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New York state lawmakers announced a bill this week that will block state and local governments from supplying resources or personnel to federal immigration enforcement officials. The bill will also ban the disclosure of information deemed sensitive to federal immigration officials. It will build upon past measures to bar coordination between Immigration and Customs Enforcement and state and local authorities. “We cannot allow for our state and local governments to be complicit in the systemic abuse that ICE inflicts on our communities, including preventing people from accessing essential services,” said state Sen. Julia Salazar (D-Brooklyn). Spectrum News
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Pearl River Mart Was Never Just a Store. It Was Always a Movement.
📍 Documented Original After 49 years of service, Pearl River Mart, also known as “that store that sells Chinese tchotchkes,” announced Dec. 4 on Instagram that its doors will be closing after an argument with its landlord. Like other businesses during the pandemic, the store was not able to pay full rent and its landlord continued to ask for money. The store does plan to reopen elsewhere, marking the second time it had to move because of rental pressures. Ming Yi Chen originally opened Pearl River Mart in 1971 to open up his own community of Chinese immigrants in the city. He didn’t anticipate the store lasting more than two years. Read more at Documented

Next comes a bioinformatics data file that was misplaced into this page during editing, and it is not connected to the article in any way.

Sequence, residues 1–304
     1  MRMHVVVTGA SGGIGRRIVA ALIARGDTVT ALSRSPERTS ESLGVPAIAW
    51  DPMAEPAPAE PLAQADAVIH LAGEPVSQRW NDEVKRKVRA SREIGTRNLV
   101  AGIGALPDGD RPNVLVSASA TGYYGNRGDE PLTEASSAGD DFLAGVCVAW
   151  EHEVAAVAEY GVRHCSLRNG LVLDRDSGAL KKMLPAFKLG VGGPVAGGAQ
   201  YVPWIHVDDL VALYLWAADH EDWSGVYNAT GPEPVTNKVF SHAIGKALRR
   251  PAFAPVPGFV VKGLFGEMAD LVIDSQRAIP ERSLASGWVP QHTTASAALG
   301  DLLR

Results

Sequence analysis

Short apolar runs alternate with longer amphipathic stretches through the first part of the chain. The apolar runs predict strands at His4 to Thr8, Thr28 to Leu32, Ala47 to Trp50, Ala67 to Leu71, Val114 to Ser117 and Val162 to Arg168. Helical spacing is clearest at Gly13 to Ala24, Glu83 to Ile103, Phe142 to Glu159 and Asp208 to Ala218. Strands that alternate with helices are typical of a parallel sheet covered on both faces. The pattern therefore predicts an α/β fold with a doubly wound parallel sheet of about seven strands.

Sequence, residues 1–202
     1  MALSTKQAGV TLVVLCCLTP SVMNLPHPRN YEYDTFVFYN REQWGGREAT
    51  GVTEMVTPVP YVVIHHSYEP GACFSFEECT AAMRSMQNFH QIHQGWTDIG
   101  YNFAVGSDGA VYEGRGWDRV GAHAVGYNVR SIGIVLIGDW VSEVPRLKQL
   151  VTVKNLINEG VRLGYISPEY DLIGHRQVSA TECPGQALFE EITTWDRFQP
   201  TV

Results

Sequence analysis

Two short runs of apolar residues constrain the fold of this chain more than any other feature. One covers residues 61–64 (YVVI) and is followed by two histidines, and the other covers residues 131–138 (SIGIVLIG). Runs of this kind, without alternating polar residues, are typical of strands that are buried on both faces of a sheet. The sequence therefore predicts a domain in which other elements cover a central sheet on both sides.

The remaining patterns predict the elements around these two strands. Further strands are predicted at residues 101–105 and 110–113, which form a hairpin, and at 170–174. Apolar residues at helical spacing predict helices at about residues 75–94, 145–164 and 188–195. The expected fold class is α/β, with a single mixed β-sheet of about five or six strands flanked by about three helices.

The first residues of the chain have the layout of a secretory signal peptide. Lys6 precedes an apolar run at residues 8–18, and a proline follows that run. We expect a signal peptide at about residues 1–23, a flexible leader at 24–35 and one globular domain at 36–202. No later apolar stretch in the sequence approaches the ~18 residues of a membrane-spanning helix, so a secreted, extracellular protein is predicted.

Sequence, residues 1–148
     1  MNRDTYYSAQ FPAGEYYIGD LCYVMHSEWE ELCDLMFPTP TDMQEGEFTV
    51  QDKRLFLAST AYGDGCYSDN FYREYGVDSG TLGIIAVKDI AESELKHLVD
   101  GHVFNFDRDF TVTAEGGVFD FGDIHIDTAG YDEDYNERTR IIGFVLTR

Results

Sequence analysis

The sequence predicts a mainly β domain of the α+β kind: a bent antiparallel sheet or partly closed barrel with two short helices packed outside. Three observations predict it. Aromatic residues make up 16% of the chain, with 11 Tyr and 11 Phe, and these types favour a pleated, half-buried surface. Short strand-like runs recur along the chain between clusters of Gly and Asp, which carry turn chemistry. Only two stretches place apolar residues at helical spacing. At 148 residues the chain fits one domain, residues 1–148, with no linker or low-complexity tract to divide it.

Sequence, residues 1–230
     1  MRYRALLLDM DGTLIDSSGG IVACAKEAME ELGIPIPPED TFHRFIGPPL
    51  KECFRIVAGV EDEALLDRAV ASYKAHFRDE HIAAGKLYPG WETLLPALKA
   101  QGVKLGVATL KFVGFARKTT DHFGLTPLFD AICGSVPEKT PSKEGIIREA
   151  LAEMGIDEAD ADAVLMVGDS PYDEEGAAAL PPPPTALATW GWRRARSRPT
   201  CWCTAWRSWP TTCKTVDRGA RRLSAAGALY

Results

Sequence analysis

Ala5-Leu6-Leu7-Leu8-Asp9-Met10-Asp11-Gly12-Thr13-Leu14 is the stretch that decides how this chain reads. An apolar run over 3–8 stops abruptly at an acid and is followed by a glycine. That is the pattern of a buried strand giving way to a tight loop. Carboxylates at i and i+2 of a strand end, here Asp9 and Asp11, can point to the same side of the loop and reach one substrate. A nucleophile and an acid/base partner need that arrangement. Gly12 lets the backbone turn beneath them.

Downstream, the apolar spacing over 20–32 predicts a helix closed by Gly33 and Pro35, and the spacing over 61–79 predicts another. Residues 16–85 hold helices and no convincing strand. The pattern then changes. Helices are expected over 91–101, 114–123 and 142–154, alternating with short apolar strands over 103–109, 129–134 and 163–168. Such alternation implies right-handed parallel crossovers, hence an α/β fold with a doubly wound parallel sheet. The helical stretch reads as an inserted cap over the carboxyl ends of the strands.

Family Still Calls for Justice a Year After ICE Shooting
Last February, Erick Diaz-Cruz, a Mexican man who was visiting his mother on a travel visa, was shot in Gravesend by U.S. Immigration and Customs Enforcement agents. The ICE agents claimed to be NYC police officers and were trying to arrest his mother’s long-term partner, Gaspar Avendaño-Hernandez. According to court filings, Diaz-Cruz shielded his face with his hands before the officer shot him, sending a bullet through his hand and into his left cheek. The incident sparked protests outside Maimonides Medical Center and outrage from elected officials. The bullet wound caused Diaz-Cruz to undergo extreme facial reconstructive surgery and two more future surgeries, leaving him with more than $300,000 in medical bills. Brooklyn Paper
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